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When comparing military equipment, little attention is paid to cost, at least in the popular resources (obviously, military establishments pay close attention to how much they are paying!)

E.g., there are many resources discussing Aircraft of the Battle of Britain, i.e., Spitfire vs Messerschmitt 109, but the production cost is ignored. Specifically, the consensus seems to be that they were evenly matched in battle most of the time. However, given that it took 15,000 man-hours to build a Spitfire 1A and 9,000 to build a Bf 109E, it seems that BF109 was a vastly better plane: Germany should have been able to field 5 bf109's for every 3 Spits.

Note that the reliability of the man-hour numbers above is unclear, which leads me to my question: what were the costs of various military tools? (from rifles to carriers)

This is, of course, too broad, so I will limit the question to fighter aircraft of WW2.

Please note that I am not talking about monetary cost (e.g., £9,500 for a Spit vs RM42,900 for a bf109 - how do you compare currencies in the absence of trade?) - they are very hard to trust in war economies (prices are often determined by government fiat, not market) of different countries (but please feel free to prove me wrong). I am interested in man-hours and other material costs.

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    That might be a noticeable exception, as the Germans overengineered just about everything. For example, the MG39 and MG 42 were several times more expensive and took much longer to produce than the Bren.
    – Jos
    Feb 2 at 6:44
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    @Jos, Yes, same about Tiger. It is unclear if the Tiger's alleged exceptional performance justified its exorbitant cost...
    – sds
    Feb 2 at 6:50
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    Keep in mind that you need men to crew the machines. Having 5 machines to three of the enemy is nice, but how many pilots does each side "produce" and how many are lost when a plane is lost? Being able to produce more material might not always be enough.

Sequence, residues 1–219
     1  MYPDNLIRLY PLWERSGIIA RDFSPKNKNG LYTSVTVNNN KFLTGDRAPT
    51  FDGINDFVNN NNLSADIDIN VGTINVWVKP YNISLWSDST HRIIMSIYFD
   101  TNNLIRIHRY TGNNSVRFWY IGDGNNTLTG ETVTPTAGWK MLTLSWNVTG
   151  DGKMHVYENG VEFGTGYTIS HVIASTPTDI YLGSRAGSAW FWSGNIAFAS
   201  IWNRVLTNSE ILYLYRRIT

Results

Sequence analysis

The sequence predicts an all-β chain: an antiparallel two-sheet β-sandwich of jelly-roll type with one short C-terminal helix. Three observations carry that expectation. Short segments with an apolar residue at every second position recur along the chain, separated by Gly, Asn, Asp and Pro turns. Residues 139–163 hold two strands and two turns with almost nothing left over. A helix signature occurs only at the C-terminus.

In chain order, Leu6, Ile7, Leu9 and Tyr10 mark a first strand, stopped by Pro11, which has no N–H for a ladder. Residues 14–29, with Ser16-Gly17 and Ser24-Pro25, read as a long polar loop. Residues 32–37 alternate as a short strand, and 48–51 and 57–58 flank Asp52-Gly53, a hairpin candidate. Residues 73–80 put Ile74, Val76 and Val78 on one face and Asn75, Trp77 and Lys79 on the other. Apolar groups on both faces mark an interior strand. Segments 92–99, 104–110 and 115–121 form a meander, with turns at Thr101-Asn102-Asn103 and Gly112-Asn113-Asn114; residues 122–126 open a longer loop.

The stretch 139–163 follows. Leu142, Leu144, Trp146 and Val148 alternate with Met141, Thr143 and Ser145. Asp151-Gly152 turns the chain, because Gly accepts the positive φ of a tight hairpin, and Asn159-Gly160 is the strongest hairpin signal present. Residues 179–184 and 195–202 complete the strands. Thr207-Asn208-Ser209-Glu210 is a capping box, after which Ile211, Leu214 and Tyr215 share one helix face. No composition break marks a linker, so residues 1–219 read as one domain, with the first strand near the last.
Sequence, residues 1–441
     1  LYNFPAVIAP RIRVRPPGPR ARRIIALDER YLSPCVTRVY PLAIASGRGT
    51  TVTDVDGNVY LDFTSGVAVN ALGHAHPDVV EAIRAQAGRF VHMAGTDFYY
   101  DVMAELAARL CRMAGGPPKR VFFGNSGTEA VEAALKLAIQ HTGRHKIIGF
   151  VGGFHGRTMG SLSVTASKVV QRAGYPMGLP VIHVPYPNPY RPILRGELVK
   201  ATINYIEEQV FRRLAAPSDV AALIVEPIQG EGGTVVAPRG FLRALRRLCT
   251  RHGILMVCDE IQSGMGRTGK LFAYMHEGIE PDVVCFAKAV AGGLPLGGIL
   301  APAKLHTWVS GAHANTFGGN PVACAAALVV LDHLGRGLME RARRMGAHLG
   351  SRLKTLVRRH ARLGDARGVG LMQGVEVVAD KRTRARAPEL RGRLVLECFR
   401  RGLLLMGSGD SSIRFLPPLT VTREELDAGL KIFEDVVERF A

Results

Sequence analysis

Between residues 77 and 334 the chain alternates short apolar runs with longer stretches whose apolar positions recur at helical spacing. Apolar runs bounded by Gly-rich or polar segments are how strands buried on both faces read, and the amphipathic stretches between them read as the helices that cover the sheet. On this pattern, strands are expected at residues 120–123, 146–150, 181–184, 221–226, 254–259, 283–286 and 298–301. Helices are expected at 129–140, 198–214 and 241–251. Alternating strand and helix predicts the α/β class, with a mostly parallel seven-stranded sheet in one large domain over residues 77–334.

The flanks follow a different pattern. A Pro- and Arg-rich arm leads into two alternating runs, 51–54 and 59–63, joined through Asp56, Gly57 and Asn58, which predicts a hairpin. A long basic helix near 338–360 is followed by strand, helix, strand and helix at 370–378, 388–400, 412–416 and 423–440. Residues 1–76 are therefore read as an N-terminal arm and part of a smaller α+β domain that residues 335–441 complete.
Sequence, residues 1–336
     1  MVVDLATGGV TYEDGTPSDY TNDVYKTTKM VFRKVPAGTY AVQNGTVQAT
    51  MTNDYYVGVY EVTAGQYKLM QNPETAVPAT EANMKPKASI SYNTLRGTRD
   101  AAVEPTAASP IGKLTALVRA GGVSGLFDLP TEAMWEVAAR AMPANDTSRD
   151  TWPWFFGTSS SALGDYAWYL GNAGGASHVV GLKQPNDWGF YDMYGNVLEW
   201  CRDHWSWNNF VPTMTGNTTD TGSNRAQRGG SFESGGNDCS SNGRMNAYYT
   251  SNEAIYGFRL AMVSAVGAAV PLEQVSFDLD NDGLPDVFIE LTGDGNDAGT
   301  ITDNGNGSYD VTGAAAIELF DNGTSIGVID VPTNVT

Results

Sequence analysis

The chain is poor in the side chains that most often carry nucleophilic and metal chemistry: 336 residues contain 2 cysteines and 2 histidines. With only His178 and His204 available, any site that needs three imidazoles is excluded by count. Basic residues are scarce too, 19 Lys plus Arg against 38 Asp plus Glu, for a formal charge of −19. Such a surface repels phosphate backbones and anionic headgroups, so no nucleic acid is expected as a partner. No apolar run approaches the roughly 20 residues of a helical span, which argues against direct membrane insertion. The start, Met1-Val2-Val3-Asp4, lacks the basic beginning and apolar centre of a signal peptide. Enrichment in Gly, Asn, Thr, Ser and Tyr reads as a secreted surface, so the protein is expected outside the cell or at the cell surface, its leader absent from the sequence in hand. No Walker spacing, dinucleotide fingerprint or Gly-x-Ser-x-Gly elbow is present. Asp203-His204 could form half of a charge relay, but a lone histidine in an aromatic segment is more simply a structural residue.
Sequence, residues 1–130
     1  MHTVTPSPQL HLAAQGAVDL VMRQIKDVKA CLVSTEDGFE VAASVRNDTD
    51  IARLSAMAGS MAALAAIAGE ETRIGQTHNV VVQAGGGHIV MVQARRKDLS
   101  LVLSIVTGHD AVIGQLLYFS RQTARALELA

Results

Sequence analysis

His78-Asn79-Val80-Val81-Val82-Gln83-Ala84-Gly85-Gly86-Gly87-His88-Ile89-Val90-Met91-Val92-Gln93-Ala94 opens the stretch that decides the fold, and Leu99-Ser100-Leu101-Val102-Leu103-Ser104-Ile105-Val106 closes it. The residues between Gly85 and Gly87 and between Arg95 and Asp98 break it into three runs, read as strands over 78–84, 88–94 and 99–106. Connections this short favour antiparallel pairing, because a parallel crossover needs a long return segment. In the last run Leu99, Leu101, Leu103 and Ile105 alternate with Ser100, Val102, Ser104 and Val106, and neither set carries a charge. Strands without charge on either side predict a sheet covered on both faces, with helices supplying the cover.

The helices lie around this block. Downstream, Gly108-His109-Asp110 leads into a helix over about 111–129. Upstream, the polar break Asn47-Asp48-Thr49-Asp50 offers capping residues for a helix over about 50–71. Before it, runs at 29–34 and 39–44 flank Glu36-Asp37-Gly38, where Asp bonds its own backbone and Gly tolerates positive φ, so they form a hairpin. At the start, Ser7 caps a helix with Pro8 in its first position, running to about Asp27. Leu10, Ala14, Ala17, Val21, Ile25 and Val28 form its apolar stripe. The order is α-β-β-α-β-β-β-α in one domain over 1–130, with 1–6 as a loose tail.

– nvoigt
    Feb 2 at 7:23
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    @sds I'm not sure what is your question. There is a wide consensus that Bf-109 was more cost effective than Spitfire, but on the other hand Spitfire was what Britain had, plus they had more resources available than Germany and frankly less enemies :) Especially after Barbarossa. I'm afraid your question boils down to why Germany did not win the war, and answer is simply they were not that ahead technologically to compensate for the lack of resources of their combined enemies.
    – rs.29
    Feb 2 at 8:03
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    @rs.29 The question is completely clear. It is asking for the actual production costs of various WW2 fighter aircrafts. A good answer would list of couple of fighters, describe their production costs and explain where the data is from and how reliable it is.
    – Arno
    Feb 2 at 10:00

3 Answers 3

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One way to approach this is currency equivalents.

In 1940 the British government pegged the value of the pound to US $4.03

During World War II, the reichsmark had a nominal exchange rate of 2.50 rm to US $1.

Thus, 2.50 reichsmark was equivalent to 1/4.03 (0.2481) British pounds during WW II. Resulting in 1 reichsmark being equivalent to 0.0992556 British pounds, or 1 British pound being equivalent to 10.075 reichsmark.

For convenience, use a 10:1 ratio.

If as you state, a Spitfire cost £9,500 to produce. The equivalent in reichmarks was 95,000 RM, which according to the data in your question was more than double the cost for a Messerschmitt Bf109 which was 42,900 RM.

The other thing to consider is how much expendable slave labor did the Germans use in manufacturing their aircraft and if they did, how much more expensive would the aircraft have been had they paid full price for all labor used in the manufacturing of their aircraft?

Some of the Bf 109 production took place in Nazi concentration camps through slave labor.